In many ways this really isn't a good book. The style borders on choppy and dense. The story doesn't always flow. MacDonald routinely makes excurses without telling you. But...
The "mythopoeic" prose is its redeeming quality. MaDonald bathed the book in sacramentality. Every leaf, grove, and spring refleted redemption--and MacDonald is a talented enough artist that he can show redemption without telling you redemption (usually).
The story line is simple enough. The protagonists finds himself in "faerie land" and must navigate through trials and temptations, with all the self-discoveries.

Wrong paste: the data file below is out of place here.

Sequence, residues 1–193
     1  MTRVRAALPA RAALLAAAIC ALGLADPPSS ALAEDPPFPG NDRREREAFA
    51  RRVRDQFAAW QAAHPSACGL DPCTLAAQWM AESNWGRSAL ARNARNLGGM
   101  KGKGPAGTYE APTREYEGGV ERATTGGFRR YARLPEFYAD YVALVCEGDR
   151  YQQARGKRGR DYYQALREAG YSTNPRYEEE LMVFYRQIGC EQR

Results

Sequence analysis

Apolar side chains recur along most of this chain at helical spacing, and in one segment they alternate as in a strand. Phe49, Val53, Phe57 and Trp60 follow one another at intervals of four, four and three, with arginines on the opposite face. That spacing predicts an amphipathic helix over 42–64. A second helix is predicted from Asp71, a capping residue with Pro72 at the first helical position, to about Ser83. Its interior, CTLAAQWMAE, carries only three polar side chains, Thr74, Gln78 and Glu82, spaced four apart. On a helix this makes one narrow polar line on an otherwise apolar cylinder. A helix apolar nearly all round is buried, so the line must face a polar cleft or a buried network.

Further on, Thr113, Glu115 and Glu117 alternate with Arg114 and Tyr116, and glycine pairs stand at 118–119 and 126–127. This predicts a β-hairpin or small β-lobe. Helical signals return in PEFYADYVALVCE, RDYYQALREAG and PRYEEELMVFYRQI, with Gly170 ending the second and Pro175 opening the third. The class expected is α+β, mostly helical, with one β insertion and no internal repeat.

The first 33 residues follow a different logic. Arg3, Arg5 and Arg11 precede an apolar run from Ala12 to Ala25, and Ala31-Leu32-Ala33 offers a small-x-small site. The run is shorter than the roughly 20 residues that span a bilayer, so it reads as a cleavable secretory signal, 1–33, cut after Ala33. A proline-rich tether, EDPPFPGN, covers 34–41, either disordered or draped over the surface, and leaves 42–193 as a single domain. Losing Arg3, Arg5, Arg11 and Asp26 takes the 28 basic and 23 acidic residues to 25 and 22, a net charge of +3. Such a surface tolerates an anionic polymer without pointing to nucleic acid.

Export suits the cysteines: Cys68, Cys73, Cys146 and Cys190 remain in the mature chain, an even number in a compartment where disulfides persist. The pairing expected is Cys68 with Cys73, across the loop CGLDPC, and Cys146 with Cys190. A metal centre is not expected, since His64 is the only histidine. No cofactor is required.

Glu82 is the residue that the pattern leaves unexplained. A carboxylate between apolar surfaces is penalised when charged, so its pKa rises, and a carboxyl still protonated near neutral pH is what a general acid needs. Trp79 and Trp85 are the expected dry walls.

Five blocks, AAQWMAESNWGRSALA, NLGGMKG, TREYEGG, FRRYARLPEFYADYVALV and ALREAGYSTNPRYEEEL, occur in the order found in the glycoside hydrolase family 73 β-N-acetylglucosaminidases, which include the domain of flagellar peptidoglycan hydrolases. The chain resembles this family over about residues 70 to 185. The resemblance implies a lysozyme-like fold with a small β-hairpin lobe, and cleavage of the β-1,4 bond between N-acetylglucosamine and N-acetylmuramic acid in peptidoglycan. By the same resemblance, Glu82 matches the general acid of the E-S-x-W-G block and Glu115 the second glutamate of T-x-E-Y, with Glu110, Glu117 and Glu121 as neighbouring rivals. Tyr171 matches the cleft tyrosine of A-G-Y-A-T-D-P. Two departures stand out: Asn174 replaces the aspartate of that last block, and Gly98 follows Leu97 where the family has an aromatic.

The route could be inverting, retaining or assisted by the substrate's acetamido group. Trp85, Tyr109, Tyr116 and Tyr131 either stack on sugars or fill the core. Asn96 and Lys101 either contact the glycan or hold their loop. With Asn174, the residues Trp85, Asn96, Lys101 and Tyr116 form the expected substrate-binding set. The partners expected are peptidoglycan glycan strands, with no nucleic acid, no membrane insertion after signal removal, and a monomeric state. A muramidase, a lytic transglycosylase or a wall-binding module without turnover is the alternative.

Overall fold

CS Lewis mentioned this book spoke of a "good death." Seems odd that a Christian (even a heterodox one) like MacDonald would be so preoccupied with Death when most of MacDonald's works ooze "Life." What Lewis means is that MacDonald uses the medium of "death" to kill the old element and make way for the new (Life). This is none other than the Christian story of Baptism, a Baptism that our hero must undergo.
Some things I learned about Fairie Land:
*Fairy wisdom is sounder than anything we moderns have come up with.
*The Arthurian legends are reliable guides to the human conditions and are "true" on more than one level.
*Giants prefer to use maces in battle.
*Adventures usually happen in Forests.
Sometimes the beauty was so intoxicating that I felt my heart would stop. Accepting what I now do about Plato and Carl Jung, MacDonald plucked an archetypal chord in my soul.